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Common Geriatric Health Conditions

The baby boomer population in the United States is aging, and the number of people over 85 years old is set to triple in the next 30 years. Because older adults are more likely to develop one or more chronic health problems, the overall healthcare systems and individual families must prepare to handle providing the support this population will need. Specialties such as geriatric care Conroe mainly focus on treating conditions prevalent in older adults. Examples of these health problems include:


Osteoporosis is a health problem where bones become so fragile that mild stresses such as bending can result in a fracture. It develops with age as bone renewal declines. In younger years, the body makes new bones faster than breaking down old bones. After your early 20’s, bone renewal slows down, and by the time you are 30 years old, you may have attained your peak bone mass. Your likelihood of developing osteoporosis partly depends on the bone mass you acquired in your youth. Osteoporosis is common in women and people with low calcium intake and eating disorders. Bone strengthening medications may help prevent further bone loss and fractures if you have osteoporosis.


Osteoarthritis causes the protective cartilage in your joints to wear and tear, causing pain, stiffness and loss of flexibility. The symptoms tend to develop gradually and exacerbate with time. Osteoarthritis can affect any joints in your body, but it mainly occurs in the hips, spine, knees and hands. Besides old age, you are also more likely to develop this problem if you are overweight; increased body weight adds pressure on joints, including your knees and hips. Athletes and people with jobs that require repetitive joint movement are also at risk of osteoarthritis. There is no treatment to reverse cartilage damage, but medications may help slow disease progression, alleviate pain, and improve joint function.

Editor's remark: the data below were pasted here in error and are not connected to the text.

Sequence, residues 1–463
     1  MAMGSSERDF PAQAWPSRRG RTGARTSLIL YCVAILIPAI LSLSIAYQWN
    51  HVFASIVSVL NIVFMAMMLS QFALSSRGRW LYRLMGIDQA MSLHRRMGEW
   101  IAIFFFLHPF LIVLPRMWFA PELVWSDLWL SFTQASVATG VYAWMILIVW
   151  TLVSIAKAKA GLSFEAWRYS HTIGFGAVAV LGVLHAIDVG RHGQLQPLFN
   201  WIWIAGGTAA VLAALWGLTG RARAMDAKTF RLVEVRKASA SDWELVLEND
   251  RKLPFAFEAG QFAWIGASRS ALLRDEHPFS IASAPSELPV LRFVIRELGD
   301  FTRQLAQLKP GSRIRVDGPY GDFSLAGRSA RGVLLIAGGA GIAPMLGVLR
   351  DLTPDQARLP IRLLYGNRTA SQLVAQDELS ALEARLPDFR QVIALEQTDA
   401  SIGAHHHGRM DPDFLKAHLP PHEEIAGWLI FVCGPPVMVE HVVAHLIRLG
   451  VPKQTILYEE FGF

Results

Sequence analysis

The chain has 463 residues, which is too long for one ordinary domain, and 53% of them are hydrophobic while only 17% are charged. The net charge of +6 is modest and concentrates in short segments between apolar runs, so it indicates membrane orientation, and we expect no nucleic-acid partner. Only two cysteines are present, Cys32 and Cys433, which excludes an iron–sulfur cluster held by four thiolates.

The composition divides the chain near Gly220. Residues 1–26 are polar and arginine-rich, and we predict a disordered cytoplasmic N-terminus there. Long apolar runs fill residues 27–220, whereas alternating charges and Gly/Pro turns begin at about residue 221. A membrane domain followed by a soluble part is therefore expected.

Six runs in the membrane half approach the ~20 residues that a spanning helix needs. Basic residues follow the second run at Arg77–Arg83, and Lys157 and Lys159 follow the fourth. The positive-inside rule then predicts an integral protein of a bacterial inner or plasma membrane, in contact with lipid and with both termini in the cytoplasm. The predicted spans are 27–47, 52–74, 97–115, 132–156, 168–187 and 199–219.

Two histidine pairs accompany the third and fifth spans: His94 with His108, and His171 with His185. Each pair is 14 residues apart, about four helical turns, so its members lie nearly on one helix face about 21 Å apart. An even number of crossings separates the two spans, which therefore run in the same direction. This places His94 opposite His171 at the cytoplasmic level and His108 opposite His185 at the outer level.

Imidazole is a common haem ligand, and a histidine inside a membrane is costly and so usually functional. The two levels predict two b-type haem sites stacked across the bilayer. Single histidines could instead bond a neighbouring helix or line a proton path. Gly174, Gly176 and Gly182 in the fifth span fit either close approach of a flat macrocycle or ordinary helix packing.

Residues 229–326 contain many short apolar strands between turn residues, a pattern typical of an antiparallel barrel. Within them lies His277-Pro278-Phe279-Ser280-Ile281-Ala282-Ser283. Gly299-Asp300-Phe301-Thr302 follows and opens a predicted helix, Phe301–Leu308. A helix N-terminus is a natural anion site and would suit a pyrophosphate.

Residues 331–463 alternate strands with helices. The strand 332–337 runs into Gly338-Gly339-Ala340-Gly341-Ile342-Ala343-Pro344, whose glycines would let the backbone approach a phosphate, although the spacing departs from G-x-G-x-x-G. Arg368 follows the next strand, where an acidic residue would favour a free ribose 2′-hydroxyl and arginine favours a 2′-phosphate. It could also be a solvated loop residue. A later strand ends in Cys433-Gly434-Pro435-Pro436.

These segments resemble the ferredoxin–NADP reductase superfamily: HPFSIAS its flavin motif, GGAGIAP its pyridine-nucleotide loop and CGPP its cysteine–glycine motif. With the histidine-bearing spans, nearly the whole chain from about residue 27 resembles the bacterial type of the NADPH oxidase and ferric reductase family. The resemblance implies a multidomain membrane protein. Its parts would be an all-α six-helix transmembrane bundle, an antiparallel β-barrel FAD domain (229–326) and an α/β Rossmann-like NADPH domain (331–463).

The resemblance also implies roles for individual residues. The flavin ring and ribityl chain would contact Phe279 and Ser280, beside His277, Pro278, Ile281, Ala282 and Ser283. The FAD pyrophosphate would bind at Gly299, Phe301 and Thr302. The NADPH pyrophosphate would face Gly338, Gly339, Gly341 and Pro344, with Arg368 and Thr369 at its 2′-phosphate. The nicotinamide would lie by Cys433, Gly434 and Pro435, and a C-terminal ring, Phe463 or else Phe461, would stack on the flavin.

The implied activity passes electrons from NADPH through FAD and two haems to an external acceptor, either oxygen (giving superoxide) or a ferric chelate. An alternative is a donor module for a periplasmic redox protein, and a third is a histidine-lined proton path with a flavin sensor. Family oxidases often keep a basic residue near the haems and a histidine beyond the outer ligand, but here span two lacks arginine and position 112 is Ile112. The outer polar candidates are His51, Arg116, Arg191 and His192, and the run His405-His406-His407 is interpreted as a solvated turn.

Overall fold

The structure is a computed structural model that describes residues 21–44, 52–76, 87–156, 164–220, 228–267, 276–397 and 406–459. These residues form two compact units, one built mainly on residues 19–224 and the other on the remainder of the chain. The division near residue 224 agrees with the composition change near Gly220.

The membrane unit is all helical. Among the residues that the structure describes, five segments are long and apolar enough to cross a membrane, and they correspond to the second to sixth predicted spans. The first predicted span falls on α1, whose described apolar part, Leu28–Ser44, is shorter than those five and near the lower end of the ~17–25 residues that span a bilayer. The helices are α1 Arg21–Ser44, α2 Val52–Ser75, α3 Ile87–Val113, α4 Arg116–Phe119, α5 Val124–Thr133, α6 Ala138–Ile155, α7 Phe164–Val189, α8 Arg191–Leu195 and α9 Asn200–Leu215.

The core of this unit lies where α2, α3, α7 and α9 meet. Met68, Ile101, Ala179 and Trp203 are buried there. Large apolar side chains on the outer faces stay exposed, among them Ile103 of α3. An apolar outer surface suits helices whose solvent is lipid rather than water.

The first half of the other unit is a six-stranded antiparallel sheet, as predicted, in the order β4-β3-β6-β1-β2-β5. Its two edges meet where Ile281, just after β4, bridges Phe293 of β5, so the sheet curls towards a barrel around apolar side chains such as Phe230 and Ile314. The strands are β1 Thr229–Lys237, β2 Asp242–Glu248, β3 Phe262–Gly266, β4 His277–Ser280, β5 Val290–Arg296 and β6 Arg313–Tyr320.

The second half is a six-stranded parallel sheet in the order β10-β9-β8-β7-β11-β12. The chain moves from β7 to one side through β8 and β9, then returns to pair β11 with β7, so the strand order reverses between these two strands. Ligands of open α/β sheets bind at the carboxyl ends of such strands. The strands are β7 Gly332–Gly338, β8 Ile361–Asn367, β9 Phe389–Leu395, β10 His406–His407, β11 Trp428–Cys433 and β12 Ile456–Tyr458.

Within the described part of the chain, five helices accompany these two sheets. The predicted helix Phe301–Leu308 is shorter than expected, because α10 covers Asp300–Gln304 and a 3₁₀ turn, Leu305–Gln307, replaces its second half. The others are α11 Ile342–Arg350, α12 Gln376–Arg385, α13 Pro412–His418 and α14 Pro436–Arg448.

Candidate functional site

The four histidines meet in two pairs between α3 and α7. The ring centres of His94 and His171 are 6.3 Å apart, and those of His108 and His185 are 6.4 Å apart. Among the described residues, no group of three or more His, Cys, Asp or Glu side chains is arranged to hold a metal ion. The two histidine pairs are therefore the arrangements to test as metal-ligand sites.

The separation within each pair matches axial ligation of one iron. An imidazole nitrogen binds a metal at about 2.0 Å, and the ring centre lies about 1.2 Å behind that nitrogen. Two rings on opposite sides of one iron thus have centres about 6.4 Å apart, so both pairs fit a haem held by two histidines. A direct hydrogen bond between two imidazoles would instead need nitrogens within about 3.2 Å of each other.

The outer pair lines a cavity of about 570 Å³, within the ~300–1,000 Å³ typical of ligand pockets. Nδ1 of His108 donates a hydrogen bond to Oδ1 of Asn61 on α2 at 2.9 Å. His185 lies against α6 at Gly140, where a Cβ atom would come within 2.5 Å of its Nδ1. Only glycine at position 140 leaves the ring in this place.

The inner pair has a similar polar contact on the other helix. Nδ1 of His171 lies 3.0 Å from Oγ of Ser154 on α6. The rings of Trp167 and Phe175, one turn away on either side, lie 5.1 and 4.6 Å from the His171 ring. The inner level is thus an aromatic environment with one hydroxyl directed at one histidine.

Sleep apnea

Sleep apnea is a condition where breathing repeatedly stops and starts during sleep, causing snoring and fatigue even after a full night’s sleep. The most common type of this sleep disorder is obstructive sleep apnea; it occurs when throat muscles overly relax, partially blocking your airway. When you have obstructed breathing, your brain arouses you from sleep to open your airway; you might snort, choke or gasp. The awakening happens without you noticing, and the pattern can repeat itself up to 30 times in an hour. You may wake up the following day with a dry mouth and headache. Other symptoms of obstructive sleep apnea include daytime drowsiness, difficulty paying attention, and irritability.

Urinary incontinence

Urinary incontinence is a loss of bladder control, causing you to leak urine occasionally, often when coughing or laughing. This problem can progress and cause a sudden urge to urinate, so strong that you can’t get to the toilet in time. The problem is common, and not very pleasant for those who have it. Older adults usually have functional incontinence, whereby a mental or physical impairment prevents them from getting to the toilet in time. For example, if you have severe arthritis, you may not be able to walk fast to the washroom or unbutton your pants.

If you have further questions about senior care, consult your provider at Family Life Medical